Botanical Name: Illicium Verum

Family: Magnoliaceae

Hindi Name: Anasphal

Best known as the source of potent liquorice-flavoured drinks, like Pernod, Pastis, Cinquante-et-un, anise is popular in French and Chinese cooking.

Anise is star-shaped, and each point has a single grain. The plant is native to China, and the seeds have been used for many centuries in Asian cooking. It is well grown in Laos, the Philippines and Jamaica.

An English sailor is said to have brought anise home to England in the sixteenth century and from there its use spread to France and the rest of Europe.

This evergreen plant is a bush that grows to a height of 5-6 metres. The leaves are 10-15 cms long and 2.5-5 cms broad. These leaves are elliptical and aromatic. The flower has eight carpels which are arranged whorl-like round shore stem. The flowers are white to red in colour.

Besides the regular eight-pointed shape, one rarely finds a single specimen with a larger member of carpels. The essential oil resides in the pericarp, not in the seed. The carpels have a pleasant smell. The plane needs a well-drained ground, plenty of sunshine, and ample protection from strong winds.

The oil extracted from the pods is warm, sweet and aromatic, being colourless or pale yellow. The dried fruits may contain 5-8 percent of essential oil, anethole being the dominant component. The fruit pods are always used in a dried state.

Its composition is as follows

  • Total fat: 1.1 gm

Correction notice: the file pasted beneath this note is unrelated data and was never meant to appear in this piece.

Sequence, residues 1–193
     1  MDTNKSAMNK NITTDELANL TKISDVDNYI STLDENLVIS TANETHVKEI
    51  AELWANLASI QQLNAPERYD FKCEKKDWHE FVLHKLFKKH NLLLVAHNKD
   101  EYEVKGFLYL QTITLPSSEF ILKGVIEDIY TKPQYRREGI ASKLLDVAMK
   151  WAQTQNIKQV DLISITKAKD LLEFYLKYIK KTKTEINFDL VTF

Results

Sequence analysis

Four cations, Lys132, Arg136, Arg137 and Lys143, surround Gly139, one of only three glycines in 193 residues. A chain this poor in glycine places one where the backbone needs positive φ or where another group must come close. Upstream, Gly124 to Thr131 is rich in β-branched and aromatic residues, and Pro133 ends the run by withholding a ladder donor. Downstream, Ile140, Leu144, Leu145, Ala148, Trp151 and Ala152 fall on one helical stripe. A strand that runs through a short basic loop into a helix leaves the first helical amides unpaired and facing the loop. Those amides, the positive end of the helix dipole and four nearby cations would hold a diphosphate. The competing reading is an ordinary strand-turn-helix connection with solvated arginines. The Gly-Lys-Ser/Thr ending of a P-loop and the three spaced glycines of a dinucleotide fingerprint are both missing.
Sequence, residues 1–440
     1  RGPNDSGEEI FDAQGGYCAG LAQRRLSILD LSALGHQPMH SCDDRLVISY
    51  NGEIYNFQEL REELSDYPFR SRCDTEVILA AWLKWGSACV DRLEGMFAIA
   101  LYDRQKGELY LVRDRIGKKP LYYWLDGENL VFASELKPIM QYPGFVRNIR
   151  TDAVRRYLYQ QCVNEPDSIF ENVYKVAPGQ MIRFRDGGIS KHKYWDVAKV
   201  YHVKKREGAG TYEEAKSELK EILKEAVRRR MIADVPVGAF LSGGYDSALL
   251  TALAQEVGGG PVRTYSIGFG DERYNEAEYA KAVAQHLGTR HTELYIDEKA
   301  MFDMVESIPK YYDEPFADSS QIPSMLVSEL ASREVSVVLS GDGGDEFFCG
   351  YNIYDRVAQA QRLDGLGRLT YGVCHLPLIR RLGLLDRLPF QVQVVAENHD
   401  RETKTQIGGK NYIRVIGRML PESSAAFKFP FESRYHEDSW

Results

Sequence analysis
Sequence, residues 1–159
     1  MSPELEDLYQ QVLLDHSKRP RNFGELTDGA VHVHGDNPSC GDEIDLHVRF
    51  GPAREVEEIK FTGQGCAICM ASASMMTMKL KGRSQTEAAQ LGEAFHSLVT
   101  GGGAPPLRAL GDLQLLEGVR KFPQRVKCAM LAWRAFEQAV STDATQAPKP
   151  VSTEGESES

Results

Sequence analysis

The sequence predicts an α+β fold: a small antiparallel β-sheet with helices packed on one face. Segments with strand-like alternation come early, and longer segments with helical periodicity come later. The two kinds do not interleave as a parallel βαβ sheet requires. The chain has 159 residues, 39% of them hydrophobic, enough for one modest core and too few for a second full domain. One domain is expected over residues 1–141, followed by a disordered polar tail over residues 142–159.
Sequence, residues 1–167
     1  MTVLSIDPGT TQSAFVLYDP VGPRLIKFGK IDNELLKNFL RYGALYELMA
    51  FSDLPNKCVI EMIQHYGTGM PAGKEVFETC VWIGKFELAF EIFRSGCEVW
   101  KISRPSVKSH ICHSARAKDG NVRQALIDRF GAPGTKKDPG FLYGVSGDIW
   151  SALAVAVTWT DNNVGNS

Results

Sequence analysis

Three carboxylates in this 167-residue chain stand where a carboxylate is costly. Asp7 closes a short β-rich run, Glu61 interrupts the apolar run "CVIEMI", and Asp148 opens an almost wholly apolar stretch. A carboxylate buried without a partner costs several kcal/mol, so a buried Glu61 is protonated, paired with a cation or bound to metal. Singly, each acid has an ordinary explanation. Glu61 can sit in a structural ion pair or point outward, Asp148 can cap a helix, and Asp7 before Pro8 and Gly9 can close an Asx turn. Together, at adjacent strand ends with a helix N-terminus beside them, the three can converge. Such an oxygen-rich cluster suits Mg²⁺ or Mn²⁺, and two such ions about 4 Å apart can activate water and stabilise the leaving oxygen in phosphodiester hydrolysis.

• Saturated fat: 0.0 gm
  • Cholesterol: 0 mg
  • Sodium: 1 mg
  • Carbohydrates: 3.4 gm
  • Dietary Fibre: 1.0 gm
  • Protein: 1.2 gm
  • Calcium: 43.2 gm
  • Potassium: 96.5 mg

Anise is used in flavouring alcohols and liquors, such as Vermouth and Marie Brizard. It is often used to flavour toothpaste, along with several other mouth-wash and breath-freshening products. It is used in confectioneries, chewing gum, perfumery, curries, and for pickling.

Various techniques for cooking, cutting and flavouring have been developed in China. While in Shanghai anise is widely used as an indispensable spice in the red braising technique of preparing master sauce, in the cool mountain areas, the hot Sichuan style of cooking makes use of anise, orange peel, cassia and even local plants, besides chillies.

In North Vietnam, it is popularly used for beef soups, while the Thais employ it in long-simmered stews, and to flavour icedtea. Anise plays a significant role in Iranian and Pakistani cuisine, as also in some North Indian cookery.

In India, it is now hardly ever used except in the palaces of sultans still adhering to a royal Indian cooking style.

Anise is used as a stimulant, expectorant and a diuretic. As carminative it is useful in digestion, flatulence, dysentery, spasms, colic and constipation. The oil is beneficial for those afflicted with rheumatism or ataligia, and is also useful as an antiseptic. Nowadays, many people use it in an infusion for herbal tea, lacing the tea with honey.

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